Album Review | Matt Nathanson – Modern Love

Speakers Rating: 89/100

Kiss quick
I got a line out the door
Who all think
they can save me

When I interviewed Matt Nathanson a few years ago, I remember him telling me that he wanted his newest album at the time, Some Mad Hope, to be the one that defined him as an artist. Of course, it eventually was a great success, with “Come On Get Higher” turning into a radio hit. The thing is, though, I’m not sure that was even the best song on the album. My vote will always go to the beautiful “Bulletproof Weeks.” But hey, that’s just me.

Fast forward a few years, and Nathanson is here again, offering a new collection of songs called Modern Love. It’s mostly carefully crafted pop music, with the occasional rocker thrown in for good measure, or maybe that’s just to distract you a bit. Because the real beauty of Modern Love is that it connects with the listener through love: the idea of two people being alone together, still being able to exist in the moment — a moment where we are focused and not obsessing over objects seemingly better than ourselves.

In a sense, this idea that two people can still really love each other is defined in “Room at the End of the World,” where Nathanson sings, “Sad can’t catch me, or call me baby now/ When it’s all I used to believe.” Here, Nathanson believes that you can re-write all wrongs, you can be safe with your lover, and really, that’s all that matters, right? It’s a beautiful piece of pop music that still seems real — that “one heart is never enough alone.”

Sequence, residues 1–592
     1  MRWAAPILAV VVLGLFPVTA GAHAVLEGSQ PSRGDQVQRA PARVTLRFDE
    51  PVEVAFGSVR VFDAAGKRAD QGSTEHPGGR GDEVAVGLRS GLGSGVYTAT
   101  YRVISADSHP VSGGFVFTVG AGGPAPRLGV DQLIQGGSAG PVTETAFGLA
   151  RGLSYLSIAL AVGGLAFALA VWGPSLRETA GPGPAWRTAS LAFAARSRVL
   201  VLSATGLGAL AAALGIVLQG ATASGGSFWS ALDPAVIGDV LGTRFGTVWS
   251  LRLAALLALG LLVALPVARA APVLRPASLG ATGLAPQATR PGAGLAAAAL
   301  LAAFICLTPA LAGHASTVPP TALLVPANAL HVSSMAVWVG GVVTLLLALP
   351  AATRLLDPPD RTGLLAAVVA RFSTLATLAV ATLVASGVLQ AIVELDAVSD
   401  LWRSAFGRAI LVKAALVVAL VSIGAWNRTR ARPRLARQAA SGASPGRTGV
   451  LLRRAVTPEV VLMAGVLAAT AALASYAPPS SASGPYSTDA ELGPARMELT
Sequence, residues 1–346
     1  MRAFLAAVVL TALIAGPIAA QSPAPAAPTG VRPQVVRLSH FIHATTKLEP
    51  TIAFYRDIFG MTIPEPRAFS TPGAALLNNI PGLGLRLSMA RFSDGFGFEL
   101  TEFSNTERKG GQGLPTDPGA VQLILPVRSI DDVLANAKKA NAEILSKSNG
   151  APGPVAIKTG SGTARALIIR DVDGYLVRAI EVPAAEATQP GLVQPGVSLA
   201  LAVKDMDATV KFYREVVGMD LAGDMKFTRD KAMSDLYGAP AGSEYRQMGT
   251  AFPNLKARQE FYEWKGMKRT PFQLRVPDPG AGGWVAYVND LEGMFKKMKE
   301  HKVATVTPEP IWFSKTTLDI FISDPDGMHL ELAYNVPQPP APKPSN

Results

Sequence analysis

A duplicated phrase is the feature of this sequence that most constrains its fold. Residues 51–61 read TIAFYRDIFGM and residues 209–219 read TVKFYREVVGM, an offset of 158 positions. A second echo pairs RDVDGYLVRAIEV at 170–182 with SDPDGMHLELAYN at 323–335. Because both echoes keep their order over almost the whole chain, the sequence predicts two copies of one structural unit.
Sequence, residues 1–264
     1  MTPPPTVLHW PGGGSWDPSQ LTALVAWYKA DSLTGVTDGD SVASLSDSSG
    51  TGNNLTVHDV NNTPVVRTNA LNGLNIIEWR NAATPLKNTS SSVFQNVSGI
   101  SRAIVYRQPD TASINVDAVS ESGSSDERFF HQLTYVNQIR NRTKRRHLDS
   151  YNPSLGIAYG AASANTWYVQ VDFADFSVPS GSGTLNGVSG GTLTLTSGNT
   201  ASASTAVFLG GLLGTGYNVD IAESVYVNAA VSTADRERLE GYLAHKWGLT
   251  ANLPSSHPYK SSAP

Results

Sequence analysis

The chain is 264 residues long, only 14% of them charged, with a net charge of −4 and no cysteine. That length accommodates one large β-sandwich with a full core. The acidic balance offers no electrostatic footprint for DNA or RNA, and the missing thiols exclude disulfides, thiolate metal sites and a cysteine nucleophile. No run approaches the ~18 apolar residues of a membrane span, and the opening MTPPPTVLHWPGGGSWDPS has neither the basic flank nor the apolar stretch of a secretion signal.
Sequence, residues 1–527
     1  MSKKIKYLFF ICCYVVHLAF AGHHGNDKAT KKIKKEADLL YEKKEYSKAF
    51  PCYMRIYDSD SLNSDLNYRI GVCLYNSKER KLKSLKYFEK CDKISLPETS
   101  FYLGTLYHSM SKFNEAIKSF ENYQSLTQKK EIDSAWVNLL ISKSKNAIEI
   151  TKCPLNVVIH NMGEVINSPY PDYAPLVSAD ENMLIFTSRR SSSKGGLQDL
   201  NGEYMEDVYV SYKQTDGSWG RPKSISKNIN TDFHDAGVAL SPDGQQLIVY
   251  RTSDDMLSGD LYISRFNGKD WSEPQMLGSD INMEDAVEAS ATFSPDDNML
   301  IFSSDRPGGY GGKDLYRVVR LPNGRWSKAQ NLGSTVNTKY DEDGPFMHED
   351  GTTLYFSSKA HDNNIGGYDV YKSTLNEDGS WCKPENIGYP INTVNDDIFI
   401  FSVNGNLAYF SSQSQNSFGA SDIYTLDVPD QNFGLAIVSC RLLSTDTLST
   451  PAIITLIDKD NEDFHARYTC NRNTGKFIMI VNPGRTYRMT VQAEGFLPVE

Later, during “Kiss Quick,” we’re taken into a different world (the real world, perhaps?) where the transient nature of the human race is mocked. We’re no longer holding each other, sweating with each other; we’re freaking disappearing, one by one, until we’re all alone. Sound depressing? Well, not really. It’s just the damn truth. One minute, someone wants to save you. The next, they’re gone, perhaps when someone or something else “better” presents itself. Loyalty and love — can they always unconditionally co-exist? Nathanson asks this on Modern Love.

The best song on the album, which surely will be heard by many, is the title track. It’s a little cheesy with its intro, but it’s also damn catchy. “Take the phone calls/ Take the circus/ Take the drama, ’cause baby, it’s just worthless,” Natahnson sings. Again, the message is clear: love — modern love — is tricky, sometimes pointless.

What I’m getting at here is that no matter how much we need someone else to connect with in life, in the end, there’s a very great possibility that loneliness is what’s lurking in the end. The idea of “forever” isn’t what rings true on this record; it’s more that we need to embrace the moments that we’re together, even if they can’t or won’t last until the end of time. And sometimes, that has to be enough.

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